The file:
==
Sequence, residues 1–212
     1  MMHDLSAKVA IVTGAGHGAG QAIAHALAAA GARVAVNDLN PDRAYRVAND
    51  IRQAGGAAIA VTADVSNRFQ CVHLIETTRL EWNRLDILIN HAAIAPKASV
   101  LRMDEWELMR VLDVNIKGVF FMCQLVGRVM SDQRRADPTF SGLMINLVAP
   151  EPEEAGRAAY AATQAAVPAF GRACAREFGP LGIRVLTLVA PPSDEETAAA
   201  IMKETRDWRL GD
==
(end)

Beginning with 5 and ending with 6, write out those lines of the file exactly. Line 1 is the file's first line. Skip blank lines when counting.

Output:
   151  EPEEAGRAAY AATQAAVPAF GRACAREFGP LGIRVLTLVA PPSDEETAAA
   201  IMKETRDWRL GD